Saturday, October 07, 2006

China Stories Pt. 31: Mom and Dad Show Up

In the middle of all this... my parents came to visit. They had planned the trip months before, well before any of the current demonstrations started, so... hi, son!

I was working 18-20 hours a day for CBS. My parents were on a tour, so they were fairly busy as well. It was too bad that I couldn't spend more time with them, but I was happy and relieved to see them. It had been about 4 months, the longest I'd ever been away. I think that seeing me helped to ease their concerns about what I was doing.

They were in Beijing for just a couple of days - they'd come from Shanghai, and soon would be off to Xi'an. They did the usual tourist things in Beijing, though circumstances dictated some adjustments to their itinerary. First of all, they couldn't visit Tiananmen Square. And in traveling to other destinations, they had to make some detours to avoid demonstrations. Their tour guide, they told me with great amusement, called the demonstrations "parades." As in, "we have to take a different way to the Temple of Heaven, because there are many parades today."

Seeing my parents was terrific., and being seen by them was terrific. I was really happy and immensely proud of what I was doing, and thrilled that they could see me "in my element."

There was one great moment when I was walking through the lobby of the Shangri-La with my parents, and one of the bell captains I had become friends with came over to chat. He walked along with us, chatting and joking with me in Mandarin. For a moment, I felt like Rick in Casablanca - like I knew all the people and all the angles in this very foreign place.

Later, I joined my parents and some of their fellow travelers for dinner in the hotel. I was naturally the center of attention, which I don't mind saying, I rather enjoyed. As we ate and chatted, my old friend Cliff came up to the table.

"These your parents?" he asked me. He turned to them.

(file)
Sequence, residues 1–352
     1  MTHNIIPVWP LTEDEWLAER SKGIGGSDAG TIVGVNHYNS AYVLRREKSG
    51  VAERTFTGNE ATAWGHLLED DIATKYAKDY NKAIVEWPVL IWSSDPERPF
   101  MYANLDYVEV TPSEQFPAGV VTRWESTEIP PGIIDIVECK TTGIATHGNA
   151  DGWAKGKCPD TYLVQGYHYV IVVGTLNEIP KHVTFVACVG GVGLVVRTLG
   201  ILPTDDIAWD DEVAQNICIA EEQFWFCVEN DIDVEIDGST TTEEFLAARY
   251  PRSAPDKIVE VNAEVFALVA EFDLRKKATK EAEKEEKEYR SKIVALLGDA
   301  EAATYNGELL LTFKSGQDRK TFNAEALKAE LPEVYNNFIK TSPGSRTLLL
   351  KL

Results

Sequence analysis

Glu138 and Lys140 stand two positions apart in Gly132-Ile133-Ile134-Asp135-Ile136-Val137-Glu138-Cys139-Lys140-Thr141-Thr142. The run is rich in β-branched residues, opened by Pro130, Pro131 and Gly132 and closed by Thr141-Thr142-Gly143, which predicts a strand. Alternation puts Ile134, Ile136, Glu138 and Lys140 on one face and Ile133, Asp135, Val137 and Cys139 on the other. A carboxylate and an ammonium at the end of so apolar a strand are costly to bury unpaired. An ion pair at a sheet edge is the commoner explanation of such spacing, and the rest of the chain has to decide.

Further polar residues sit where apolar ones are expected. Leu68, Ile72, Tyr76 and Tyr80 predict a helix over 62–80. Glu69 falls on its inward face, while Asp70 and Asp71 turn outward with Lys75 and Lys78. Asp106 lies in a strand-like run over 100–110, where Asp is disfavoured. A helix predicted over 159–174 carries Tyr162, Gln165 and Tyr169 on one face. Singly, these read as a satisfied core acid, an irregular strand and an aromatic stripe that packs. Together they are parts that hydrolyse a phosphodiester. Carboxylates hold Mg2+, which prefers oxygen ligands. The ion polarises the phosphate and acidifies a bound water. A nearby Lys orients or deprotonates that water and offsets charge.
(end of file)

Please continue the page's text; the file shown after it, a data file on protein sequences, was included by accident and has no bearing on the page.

"I just wanted to say hello and let you know you've raised a fine young man here."

I'm pretty sure I beamed.

4 Comments:

At 9:28 PM, Anonymous Anonymous said...

al gore lololololol

 
At 8:08 PM, Anonymous Mom said...

I've been waiting to make the scene in your China Stories! A couple of things to add: our guide said that the "parades" were left over from the celebrations for the visit of the "big potato." Someone in our group figured out that she meant "top banana", i.e. Gorbachev. We of course knew better. We did get to Tiananmen along with a few tens of thousands of our closest friends. Our dinner at the hotel was a bit surreal. Since the Cultural Revolution had killed off most of the musicians of any talent, we were entertained by someone playing from the John Thompson Book 3 which I had used at about age 8.

 
At 11:40 AM, Anonymous Anonymous said...

I have been reading and enjoying your stories quietly. While this was happening, I was dating a guy (now my husband) who lived in a "college flop-houe" as he called it, with several Stanford students from varous places around the globe, including one young Chinese man. I didn't get the significance of it at the time, but he apparently had some connection with some of the demonstrating students and was working on long-distance logistics and support of what was going on. Hearing more up-close details about what was going on there has been very enlightening.

Your stories have really brought history to life, and I want to figure out a way to save these stories to refer to for my kids...
I hope you realize that the slow-down in posts to your blog is because we are so enraptured with the story that we are speechless...
Peggy

 
At 2:25 PM, Blogger Ish said...

Peggy,

Thank you so much for the nice comment. I've really enjoyed sharing this with everyone who has been reading.

I don't have too much further to go - at least, as far as this chapter of my time in China is concerned.

I do hope to go back and add photos when I finally get them scanned in.

 

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